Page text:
skip-probe = yes

Now, all that is left is to reload udev, trigger the new ruleset and restart pulseaudio.

$> sudo udevadm control -R
$> sudo udevadm trigger
$> pulseaudio -k

After a couple of seconds pulseaudio should have restarted and you should have a nice and functional GSX 1000. Now, if someone has found a way to get software volume control working and how to keep the GSX from going Volume-Down all the time please tell me. :) Until then the temporary workaround for that problem remains unchanged and you can find it in the old article.

After a bit of a hiatus due to a new job engagement I am hopefully back on a more regular basis. For today with some instructions on getting a Sennheiser GSX1000 audio amplifier to run under Linux. This device is a 7.1 channel surround headphone amplifier with a lot of integrated extra functionality and a nice volume wheel. It connects via USB and there are a few steps to get it working correctly with pulseaudio. It does work right after plugging it in but only in mono mode which is not exactly what I bought this for. ;)

First of all let us get the ids of the sound card playback devices (sinks) via

$> aplay -l
**** List of PLAYBACK Hardware Devices ****
card 0: NVidia [HDA NVidia], device 3: HDMI 0 [HDMI 0]
  Subdevices: 1/1
  Subdevice #0: subdevice #0
card 0: NVidia [HDA NVidia], device 7: HDMI 1 [HDMI 1]
  Subdevices: 1/1
  Subdevice #0: subdevice #0
card 0: NVidia [HDA NVidia], device 8: HDMI 2 [HDMI 2]
  Subdevices: 1/1
  Subdevice #0: subdevice #0
card 0: NVidia [HDA NVidia], device 9: HDMI 3 [HDMI 3]
  Subdevices: 1/1
  Subdevice #0: subdevice #0
card 1: Audio [GSX 1000 Main Audio], device 0: USB Audio [USB Audio]
  Subdevices: 0/1
  Subdevice #0: subdevice #0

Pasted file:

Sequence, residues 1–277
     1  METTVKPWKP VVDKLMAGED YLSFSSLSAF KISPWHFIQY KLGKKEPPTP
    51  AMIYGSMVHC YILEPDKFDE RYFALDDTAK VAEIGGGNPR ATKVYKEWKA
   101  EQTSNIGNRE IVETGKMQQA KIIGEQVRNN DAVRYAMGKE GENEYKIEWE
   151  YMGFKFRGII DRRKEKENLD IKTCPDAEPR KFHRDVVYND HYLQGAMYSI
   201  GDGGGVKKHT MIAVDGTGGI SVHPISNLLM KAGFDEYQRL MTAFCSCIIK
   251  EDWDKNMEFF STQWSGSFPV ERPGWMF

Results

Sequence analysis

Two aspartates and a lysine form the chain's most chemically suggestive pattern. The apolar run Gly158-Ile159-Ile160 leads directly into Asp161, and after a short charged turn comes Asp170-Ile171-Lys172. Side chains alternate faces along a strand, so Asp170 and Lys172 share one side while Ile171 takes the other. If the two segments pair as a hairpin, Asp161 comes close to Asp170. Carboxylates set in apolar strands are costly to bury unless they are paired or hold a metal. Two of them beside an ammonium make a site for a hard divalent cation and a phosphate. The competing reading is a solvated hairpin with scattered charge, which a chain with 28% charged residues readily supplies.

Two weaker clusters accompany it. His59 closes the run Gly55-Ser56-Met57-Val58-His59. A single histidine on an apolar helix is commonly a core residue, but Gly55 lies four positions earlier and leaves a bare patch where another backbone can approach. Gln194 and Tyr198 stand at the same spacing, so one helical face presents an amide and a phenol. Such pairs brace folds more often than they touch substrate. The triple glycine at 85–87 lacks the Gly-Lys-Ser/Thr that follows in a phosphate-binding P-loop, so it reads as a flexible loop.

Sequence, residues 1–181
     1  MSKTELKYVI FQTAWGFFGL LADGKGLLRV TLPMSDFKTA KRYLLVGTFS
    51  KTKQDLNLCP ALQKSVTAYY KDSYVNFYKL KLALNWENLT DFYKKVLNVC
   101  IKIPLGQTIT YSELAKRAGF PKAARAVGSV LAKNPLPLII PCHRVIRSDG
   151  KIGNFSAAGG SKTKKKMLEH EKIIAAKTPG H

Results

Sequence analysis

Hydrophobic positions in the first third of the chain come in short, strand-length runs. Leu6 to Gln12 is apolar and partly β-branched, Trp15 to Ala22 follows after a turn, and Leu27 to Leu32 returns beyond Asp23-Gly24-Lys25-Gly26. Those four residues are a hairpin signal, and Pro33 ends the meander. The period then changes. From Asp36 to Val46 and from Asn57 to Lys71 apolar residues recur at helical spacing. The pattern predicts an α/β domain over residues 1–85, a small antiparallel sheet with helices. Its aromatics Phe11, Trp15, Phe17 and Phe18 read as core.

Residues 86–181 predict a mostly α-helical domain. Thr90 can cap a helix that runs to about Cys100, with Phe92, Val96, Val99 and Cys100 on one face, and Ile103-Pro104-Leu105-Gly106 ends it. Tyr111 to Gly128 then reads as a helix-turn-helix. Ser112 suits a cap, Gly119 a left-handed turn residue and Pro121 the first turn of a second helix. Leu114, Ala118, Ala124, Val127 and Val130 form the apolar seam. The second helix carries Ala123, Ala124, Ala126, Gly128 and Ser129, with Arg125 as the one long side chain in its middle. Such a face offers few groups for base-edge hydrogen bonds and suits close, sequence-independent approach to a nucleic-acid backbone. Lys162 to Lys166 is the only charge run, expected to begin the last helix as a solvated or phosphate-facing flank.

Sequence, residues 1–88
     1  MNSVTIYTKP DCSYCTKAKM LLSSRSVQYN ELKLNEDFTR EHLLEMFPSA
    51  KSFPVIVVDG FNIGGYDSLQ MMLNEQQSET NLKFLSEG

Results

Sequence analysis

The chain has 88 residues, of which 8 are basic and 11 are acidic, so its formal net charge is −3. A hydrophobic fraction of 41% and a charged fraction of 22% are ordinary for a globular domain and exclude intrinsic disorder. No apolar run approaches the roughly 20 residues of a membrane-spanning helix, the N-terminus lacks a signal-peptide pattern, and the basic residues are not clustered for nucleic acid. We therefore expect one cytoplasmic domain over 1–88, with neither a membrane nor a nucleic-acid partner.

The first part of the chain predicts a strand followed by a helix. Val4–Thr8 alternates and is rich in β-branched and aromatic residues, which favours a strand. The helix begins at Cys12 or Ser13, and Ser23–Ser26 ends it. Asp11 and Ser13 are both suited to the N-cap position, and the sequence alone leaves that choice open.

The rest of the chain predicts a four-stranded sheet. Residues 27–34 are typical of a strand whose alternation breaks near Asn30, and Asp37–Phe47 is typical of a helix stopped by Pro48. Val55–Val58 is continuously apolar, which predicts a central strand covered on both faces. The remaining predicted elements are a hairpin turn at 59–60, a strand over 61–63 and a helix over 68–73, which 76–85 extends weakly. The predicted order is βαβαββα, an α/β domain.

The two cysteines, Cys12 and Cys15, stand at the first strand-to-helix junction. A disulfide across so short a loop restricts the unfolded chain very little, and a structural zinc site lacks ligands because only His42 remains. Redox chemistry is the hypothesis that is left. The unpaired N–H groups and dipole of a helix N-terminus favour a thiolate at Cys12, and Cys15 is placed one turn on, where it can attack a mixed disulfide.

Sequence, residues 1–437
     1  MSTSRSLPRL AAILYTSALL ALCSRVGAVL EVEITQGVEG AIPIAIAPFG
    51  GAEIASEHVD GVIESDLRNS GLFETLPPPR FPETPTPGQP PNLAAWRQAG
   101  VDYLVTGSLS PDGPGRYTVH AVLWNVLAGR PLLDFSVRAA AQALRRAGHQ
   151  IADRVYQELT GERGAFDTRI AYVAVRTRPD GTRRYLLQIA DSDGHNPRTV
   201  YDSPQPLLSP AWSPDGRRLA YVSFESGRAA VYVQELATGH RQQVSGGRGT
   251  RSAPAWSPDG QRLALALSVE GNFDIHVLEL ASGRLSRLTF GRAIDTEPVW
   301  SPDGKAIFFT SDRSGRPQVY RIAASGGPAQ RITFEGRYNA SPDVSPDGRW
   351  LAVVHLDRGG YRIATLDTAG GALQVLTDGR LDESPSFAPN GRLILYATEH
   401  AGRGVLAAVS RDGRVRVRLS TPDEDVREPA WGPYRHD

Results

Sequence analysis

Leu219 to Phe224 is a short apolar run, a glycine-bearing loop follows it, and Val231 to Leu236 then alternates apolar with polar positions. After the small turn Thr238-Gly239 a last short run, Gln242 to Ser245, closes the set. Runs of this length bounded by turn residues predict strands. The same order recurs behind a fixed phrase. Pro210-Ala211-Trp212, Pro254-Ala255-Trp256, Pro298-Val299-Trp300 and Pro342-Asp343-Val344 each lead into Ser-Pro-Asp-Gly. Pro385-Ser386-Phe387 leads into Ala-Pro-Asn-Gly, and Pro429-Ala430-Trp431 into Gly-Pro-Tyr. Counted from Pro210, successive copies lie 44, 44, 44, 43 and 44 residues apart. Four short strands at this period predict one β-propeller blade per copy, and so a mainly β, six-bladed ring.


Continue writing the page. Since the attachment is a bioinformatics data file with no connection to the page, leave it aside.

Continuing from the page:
card 1: Audio [GSX 1000 Main Audio], device 1: USB Audio [USB Audio #1]
  Subdevices: 0/1
  Subdevice #0: subdevice #0

In my case, card 0 defaults to the HDMI output of my NVidia GPU, let us ignore those entries. Card 1 however is the Sennheiser GSX 1000. I am actually not 100% sure on why it is listed twice with the same subdevices. From trial and error I managed to find out that the subdevice 1 is the correct one to drive the unit. From this information we know that the hardware address of the card for playpack (sink) is 1,1 (card 1 subdevice 1). Next we have to find out the recording device (source).

$> arecord -l
**** List of CAPTURE Hardware Devices ****
card 1: Audio [GSX 1000 Main Audio], device 0: USB Audio [USB Audio]
  Subdevices: 0/1
  Subdevice #0: subdevice #0

Our recording device (source) is at the hardware address 1,0 (card 1 subdevice 0 - as there is only one anyway). With this information we can tell pulseaudio how to correctly talk to our audio amplifier. Edit /etc/pulse/ and under Load audio drivers statically we add

load-module module-alsa-sink device=hw:1,1 channels=8
load-module module-alsa-source device=hw:1,0

The first line tells pulseaudio that the playback device (sink) is located at hardware address 1,1 and has 8 (7+1) channels. The second line defines our recording device (source) as hardware address 1,0. At this point you can either restart your pulseaudio with pulseaudio -k or opt for a reboot if you still have not shaken your Windows heritage. ;) Voilla, it works!